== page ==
Indian Prime Minister Narendra Modi’s party has failed far in its bid to gain control of a fiercely contested state election in which its aggressive efforts to go to the polls have been criticized as exacerbating the rise in Covid-19 infections in the country.
Official results coming in early Monday show Mr Modi Bharatiya Janata’s party is ready to win up to 77 seats in the West Bengal legislature – a sharp improvement from its previous statements, but far less than the contested majority. of the 292 seats.
Congress’s ruling party, Trinamool, was on track to win 213 seats. The party is led by Mama Banerjee, a powerful regional politician who has sometimes been an outspoken critic of Mr Modi.
The BJP’s victory, after Mr Modi and the party worked hard to gain control of the country, positions Ms Banerjee as one of the Indian leader’s best rivals, said Sumia Chakrabarti, head of the economy and politics department at Visva-Bharati University. “Mama Banerjee is the most important person now as an alternative to BJP’s hegemony,” he said.
However, Ms Banerjee lost the race for her seat in the town of Nandigram to a candidate who left his party a few months before the election and joined the BJP. Ms. Banerjee may still continue to be the state’s chief minister, but will have to win a seat in a side poll over the next six months.
Mr Modi and other politicians have drawn criticism for holding election rallies attended by tens of thousands as the Covid-19 wave accelerated.
On Monday, India reported more than 368,000 new cases and more than 3,400 deaths due to the disease. The increase has swept the health care system in affected cities such as New Delhi and spread to other states across the country. Hospitals repel patients and deplete oxygen and Covid-19 drugs, leaving sick people to care for even sicker family members.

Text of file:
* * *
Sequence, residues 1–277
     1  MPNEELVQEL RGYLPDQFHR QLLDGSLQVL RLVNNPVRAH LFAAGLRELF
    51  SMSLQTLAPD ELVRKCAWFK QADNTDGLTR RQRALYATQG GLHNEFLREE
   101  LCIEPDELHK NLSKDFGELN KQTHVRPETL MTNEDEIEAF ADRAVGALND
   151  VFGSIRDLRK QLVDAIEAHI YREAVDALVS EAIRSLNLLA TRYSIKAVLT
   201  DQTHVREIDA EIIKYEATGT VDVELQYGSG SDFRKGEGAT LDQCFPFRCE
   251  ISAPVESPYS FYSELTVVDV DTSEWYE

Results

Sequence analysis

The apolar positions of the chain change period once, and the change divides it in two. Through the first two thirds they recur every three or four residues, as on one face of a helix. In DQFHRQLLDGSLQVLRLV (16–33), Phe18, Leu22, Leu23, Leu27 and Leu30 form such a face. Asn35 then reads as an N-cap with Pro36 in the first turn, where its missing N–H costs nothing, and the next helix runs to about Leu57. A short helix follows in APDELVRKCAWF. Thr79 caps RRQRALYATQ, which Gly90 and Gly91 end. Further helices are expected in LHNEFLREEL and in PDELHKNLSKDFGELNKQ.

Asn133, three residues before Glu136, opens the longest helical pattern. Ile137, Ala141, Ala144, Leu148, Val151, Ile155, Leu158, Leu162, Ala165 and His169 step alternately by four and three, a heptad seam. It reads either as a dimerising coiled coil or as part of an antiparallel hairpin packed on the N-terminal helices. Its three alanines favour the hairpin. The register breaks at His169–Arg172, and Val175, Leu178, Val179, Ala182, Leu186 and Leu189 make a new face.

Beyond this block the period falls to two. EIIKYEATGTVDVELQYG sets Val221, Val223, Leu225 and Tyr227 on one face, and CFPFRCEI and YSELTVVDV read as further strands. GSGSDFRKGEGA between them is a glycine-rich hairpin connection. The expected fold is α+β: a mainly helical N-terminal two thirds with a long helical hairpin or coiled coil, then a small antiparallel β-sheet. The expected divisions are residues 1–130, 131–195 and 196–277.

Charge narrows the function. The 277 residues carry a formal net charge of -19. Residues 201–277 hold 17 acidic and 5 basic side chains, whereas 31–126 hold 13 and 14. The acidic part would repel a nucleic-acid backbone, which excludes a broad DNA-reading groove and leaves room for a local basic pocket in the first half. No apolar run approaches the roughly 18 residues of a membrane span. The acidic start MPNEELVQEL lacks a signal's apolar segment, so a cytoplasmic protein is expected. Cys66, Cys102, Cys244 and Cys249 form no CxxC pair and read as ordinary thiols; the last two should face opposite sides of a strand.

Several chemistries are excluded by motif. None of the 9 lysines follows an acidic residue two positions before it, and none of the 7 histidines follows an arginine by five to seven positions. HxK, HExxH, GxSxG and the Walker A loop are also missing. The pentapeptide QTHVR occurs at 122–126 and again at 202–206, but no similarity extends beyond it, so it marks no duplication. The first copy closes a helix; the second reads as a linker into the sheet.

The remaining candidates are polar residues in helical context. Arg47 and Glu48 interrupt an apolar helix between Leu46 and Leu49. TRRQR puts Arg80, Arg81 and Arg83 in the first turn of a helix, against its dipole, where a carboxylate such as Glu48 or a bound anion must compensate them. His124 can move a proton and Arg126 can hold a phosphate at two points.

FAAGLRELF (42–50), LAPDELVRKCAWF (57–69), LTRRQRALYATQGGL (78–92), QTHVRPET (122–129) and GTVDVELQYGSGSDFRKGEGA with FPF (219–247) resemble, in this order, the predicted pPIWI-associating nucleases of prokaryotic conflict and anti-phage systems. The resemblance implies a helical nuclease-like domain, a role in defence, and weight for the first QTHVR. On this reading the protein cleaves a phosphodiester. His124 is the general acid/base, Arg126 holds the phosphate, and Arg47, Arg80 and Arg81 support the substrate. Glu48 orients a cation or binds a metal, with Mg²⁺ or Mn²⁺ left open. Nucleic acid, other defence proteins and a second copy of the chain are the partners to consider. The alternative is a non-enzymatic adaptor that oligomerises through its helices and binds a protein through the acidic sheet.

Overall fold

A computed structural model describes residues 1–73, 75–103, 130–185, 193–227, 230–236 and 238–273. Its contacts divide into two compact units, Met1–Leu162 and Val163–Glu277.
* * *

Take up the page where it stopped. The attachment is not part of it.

Most of the voting took place before the increase in cases turned into a complete crisis. But the way the campaign was conducted was at the center of an angry debate about what fuels the current coronavirus wave.
Mr Modi has been criticized for holding large rallies in April, although the number of new daily cases exceeds 200,000 and climbs. Other parties also held large rallies, often with people crowding around each other. In some cases, the parties brought in workers and supporters from other countries to join the campaign in West Bengal.
New daily cases in West Bengal reached 17,000 at the end of last week. When election dates were first announced on February 26th, the state announced 216 new daily cases. Health experts say rallies could be one of the factors leading to the jump.
The BJP has canceled the campaign’s final rallies, National Party spokesman Gopal Krishna Agarwal said earlier, adding that no one expected the scale of the Covid-19 wave. He said Mr Modi and other BJP members had complied with all safety protocols in force at the time.
West Bengal is one of the last remaining Hindu countries with a majority not controlled by Mr Modi’s BJP. Over the past 10 years, the state’s chief minister, 66-year-old Banerjee, has opposed many central government policies led by Mr Modi and his party, including a law that makes it easier for all immigrants except citizens to travel to citizenship. Muslims from the neighbors of the majority of Muslims in India.
For the first time, the election catapulted the BJP to the position of the main political opposition in West Bengal, said Raj Kamal Patak, the party’s state vice president. “We will play a good role as the opposition and we hope to win next time,” he said.
West Bengal has a special significance in Indian history, culture and politics. The movement of independence of the Indian subcontinent from British rule is taking root and gaining momentum in Bengal, an area that includes the state of West Bengal and present-day Bangladesh. Some of the most influential national icons of modern India – from Nobel laureate poet Rabindranath Tagore to Hindu spiritual leader Vivekananda – were from Bengal.
The significance of West Bengal for Indian national discourse is reflected in a sentence that leaders, including Mr. Modi, have often used: “What Bengal thinks today, India thinks tomorrow.”
Write to Krishna Pokharel at email@example.com
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